I have also been fortunate enough to receive detailed feedback from Kevin and other engineers on my code. All the people I have collaborated with at Meta have been extremely encouraging — they have made me feel that I add value, something that is important for interns in building our confidence as coders and researchers.

Q: What kind of impact can you make at Meta while working as an intern?

KL: For PhD internships — in both research and engineering — there is an opportunity to take risks and aim for longer-term impact. That work may be initiated through the ideas and collaborations introduced during a summer internship, and then realized further through the intern extension program, which allows PhD interns to continue collaborating on a joint publication with their manager after the formal internship ends.

[Meta] really is the perfect environment for exploring research ideas and bringing them into practice.

Kevin Lewi
Former PhD intern and current Research Scientist at Meta

JM: For me, the most significant impact I’ve had was on the key transparency project. The genesis of the project was during my first summer internship: Kevin allowed me to copresent on the benefits of key transparency to a large group of security engineers from various teams at Meta. Throughout my second internship, Kevin mentored me on the build of a prototype, which we open-sourced.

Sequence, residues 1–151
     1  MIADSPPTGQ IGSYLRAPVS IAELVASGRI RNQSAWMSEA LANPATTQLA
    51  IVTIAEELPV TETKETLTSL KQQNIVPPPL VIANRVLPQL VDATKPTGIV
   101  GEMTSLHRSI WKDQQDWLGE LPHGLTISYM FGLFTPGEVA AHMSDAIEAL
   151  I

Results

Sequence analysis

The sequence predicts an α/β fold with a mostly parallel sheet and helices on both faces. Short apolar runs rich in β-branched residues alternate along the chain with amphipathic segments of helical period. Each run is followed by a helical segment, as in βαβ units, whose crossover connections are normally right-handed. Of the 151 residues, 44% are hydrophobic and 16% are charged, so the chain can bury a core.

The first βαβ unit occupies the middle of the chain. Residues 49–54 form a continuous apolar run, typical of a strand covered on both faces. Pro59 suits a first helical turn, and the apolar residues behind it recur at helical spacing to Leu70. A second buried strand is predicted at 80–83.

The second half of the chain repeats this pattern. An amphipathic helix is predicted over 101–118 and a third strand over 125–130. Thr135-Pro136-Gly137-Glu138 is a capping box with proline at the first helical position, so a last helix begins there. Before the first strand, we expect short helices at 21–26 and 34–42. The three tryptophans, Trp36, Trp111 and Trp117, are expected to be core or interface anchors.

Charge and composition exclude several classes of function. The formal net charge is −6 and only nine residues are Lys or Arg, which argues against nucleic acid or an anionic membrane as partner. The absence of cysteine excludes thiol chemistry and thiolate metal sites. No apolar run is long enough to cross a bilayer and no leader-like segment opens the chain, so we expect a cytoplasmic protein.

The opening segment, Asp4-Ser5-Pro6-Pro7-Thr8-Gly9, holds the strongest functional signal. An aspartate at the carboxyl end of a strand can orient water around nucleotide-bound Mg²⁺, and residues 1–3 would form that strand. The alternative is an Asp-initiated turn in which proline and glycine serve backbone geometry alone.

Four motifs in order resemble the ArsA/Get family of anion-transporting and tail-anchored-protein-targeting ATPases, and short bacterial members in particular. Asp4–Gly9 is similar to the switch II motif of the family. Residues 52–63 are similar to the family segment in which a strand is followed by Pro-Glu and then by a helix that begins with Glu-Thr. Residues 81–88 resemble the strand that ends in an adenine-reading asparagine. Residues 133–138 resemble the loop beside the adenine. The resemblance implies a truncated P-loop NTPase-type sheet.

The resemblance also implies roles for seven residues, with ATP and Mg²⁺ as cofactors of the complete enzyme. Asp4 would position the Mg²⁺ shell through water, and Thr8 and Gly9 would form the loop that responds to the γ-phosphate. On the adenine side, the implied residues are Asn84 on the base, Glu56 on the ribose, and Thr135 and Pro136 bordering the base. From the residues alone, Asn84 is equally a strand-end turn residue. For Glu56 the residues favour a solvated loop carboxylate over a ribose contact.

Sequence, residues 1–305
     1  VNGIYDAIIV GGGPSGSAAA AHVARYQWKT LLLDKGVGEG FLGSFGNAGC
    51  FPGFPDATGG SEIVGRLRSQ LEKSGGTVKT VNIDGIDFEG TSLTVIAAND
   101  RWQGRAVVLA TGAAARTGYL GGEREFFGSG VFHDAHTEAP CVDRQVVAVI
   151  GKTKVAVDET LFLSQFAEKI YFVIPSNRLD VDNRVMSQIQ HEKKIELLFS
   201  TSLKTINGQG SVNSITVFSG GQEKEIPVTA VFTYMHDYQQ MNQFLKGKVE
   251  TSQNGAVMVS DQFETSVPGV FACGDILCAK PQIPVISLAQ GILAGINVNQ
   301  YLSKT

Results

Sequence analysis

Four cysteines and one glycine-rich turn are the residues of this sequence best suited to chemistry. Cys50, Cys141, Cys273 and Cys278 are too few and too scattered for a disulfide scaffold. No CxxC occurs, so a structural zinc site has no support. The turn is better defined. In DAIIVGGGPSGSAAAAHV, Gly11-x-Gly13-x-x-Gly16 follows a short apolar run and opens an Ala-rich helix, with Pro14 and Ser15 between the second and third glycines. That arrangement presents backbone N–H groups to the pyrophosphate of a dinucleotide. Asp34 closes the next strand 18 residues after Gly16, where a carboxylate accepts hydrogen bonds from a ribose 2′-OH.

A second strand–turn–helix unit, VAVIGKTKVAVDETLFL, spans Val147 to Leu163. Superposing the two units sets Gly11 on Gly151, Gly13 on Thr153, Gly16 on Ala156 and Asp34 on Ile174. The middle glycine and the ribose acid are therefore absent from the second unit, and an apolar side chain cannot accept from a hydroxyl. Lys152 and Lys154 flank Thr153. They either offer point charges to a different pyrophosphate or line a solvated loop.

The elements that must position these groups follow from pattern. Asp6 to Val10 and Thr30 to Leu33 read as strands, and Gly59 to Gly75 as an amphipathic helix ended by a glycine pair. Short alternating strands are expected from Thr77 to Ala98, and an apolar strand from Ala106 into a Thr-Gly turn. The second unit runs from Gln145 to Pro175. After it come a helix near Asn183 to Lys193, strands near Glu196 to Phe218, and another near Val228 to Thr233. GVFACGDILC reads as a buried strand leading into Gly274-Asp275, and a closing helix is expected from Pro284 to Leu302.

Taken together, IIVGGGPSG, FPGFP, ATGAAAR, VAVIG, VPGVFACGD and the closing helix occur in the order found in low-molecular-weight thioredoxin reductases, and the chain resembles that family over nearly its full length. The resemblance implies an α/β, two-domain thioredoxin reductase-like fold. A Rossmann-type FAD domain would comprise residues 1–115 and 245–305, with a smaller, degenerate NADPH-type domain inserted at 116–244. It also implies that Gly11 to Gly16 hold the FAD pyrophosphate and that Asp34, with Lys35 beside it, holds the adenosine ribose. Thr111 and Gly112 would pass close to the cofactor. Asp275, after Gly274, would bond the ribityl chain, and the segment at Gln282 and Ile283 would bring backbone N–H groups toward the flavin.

Throughout my internship, I’ve experienced the entrepreneurial spirit encouraged at Meta — the company allows individuals at all levels to spearhead projects that have the potential to reach millions of people.

Q: What is one piece of advice you would give to a potential intern?

JM: The most helpful thing I’ve learned over the course of my internships is the importance of clear, transparent communication. Communication helps make each step smoother, from finding the best fit in a mentor, to signing on to a project you are motivated to work on, to getting the support you need to succeed and collaborate productively.

KL: I recommend that prospective interns identify what they are passionate about and what kind of work they’d like to do, whether it is solving technical challenges that engineers face, publishing new research, or a mix of both. Then go out and get an internship at a company that exposes you to real-world tech!